Regression equations in clinical neuropsychology: An evaluation of statistical methods for comparing predicted and obtained scores

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Abstract

Regression equations are widely used in clinical neuropsychology, particularly as an alternative to conventional normative data. In neuropsychological applications the most common method of making inferences concerning the difference between an individual's test score and the score predicted by a regression equation is to multiply the standard error of estimate by an appropriate value of z to form confidence limits around the predicted score. The technically correct method is to calculate the standard error of a new individual Y and multiply it by the value of t corresponding to the desired limits (e.g., 90% or 95%). These two methods are compared in data sets generated to be broadly representative of data sets used in clinical neuropsychology.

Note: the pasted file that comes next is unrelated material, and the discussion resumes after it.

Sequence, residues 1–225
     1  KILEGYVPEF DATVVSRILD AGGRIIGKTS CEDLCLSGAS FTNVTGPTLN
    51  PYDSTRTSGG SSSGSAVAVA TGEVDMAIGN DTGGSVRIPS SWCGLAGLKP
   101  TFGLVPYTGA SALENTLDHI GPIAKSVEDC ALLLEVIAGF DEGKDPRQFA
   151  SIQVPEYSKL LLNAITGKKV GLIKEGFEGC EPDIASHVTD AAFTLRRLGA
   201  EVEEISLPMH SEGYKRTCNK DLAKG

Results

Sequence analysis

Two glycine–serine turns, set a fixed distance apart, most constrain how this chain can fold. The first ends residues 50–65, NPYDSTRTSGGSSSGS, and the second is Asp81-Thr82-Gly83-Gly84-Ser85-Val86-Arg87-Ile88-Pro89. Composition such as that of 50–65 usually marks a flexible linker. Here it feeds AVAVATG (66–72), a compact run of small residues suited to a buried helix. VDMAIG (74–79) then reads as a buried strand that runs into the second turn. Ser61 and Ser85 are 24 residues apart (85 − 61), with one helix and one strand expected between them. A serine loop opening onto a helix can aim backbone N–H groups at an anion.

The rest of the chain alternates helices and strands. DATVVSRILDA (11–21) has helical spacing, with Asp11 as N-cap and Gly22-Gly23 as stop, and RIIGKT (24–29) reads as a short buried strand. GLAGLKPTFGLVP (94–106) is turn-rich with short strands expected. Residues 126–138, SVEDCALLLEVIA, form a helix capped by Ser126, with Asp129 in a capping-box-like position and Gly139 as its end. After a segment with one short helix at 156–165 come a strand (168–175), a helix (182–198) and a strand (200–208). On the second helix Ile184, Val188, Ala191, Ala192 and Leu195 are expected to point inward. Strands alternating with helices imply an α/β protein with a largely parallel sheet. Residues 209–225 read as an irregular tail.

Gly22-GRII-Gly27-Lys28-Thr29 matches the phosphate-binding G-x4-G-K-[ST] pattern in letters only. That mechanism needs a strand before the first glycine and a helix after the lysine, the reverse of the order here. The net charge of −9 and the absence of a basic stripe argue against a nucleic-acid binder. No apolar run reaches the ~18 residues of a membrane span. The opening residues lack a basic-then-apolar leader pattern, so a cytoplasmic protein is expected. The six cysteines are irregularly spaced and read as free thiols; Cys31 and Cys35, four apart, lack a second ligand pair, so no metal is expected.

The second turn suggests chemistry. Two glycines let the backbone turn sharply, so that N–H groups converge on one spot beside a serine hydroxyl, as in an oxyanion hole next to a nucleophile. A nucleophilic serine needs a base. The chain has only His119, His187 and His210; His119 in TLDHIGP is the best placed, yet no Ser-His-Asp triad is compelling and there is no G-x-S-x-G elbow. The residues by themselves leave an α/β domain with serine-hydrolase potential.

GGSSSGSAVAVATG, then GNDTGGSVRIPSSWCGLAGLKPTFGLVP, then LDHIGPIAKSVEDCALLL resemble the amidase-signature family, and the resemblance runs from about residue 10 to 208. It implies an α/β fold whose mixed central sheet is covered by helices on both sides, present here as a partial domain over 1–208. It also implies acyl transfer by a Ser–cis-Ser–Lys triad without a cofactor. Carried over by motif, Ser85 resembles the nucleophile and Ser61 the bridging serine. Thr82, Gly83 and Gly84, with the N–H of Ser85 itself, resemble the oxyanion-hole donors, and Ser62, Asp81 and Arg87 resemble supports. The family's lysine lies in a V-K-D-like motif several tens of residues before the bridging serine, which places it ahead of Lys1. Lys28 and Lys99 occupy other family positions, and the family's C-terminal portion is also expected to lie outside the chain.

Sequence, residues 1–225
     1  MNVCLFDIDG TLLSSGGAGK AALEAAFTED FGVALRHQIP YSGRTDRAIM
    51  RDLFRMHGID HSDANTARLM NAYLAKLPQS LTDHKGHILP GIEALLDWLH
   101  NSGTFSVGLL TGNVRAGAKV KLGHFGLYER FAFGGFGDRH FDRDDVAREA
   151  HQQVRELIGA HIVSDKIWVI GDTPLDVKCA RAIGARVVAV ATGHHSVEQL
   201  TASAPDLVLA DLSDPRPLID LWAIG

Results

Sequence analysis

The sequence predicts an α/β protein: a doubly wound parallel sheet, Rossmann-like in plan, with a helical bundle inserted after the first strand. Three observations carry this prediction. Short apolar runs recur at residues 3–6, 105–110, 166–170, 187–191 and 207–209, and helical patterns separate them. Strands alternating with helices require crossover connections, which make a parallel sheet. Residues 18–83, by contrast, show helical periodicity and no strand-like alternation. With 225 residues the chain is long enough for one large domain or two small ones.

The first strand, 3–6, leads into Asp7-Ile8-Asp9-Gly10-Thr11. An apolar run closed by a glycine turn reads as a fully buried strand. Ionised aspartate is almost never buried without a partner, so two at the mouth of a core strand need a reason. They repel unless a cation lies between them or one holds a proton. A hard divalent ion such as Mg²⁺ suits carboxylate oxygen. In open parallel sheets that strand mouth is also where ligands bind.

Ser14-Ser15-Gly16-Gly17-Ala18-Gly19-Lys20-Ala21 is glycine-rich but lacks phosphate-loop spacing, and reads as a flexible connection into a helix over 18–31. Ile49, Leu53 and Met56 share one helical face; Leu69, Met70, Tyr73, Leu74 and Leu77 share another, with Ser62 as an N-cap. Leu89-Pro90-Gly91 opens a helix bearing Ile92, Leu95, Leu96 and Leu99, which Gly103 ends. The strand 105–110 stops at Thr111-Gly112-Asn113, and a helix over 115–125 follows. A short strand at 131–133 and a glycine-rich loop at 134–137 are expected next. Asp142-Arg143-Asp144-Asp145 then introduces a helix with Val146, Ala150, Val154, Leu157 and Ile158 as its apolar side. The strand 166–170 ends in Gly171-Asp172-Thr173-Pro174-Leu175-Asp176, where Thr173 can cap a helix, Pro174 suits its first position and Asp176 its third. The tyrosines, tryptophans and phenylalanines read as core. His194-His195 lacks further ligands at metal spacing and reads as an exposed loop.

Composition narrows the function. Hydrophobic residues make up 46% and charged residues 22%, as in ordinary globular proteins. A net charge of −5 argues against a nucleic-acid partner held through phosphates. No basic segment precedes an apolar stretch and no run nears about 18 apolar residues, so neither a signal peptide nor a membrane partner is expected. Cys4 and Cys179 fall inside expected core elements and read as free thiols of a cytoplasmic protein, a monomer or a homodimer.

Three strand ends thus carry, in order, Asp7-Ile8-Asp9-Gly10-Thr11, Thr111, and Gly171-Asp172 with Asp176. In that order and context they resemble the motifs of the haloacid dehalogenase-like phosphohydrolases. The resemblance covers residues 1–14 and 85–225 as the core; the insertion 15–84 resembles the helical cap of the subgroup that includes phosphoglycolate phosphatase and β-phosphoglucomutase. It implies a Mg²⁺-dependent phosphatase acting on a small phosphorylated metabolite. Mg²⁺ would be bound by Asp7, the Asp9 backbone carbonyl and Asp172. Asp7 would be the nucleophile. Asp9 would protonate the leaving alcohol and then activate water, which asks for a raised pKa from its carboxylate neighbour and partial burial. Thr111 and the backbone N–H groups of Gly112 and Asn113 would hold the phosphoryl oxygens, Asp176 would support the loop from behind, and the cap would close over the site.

The former method produces confidence limits which are narrower than the true confidence limits and fail to reflect the fact that limits become wider as scores on the predictor deviate from the mean. However, for many of the example data sets studied, the differences between the two methods were trivial, thereby providing reassurance for those who use the former (technically incorrect) method. Despite this, it would be preferable to use the correct method particularly with equations derived from samples with modest Ns, and for individuals with extreme scores on the predictor variable(s). To facilitate use of the correct method a computer program is made available for clinical practice.

Original languageEnglish
Pages (from-to)755-762
Number of pages8
JournalJournal of Clinical and Experimental Neuropsychology
Volume20
Issue number5
Publication statusPublished - Oct 1998

Keywords

  • WAIS-R

Cite this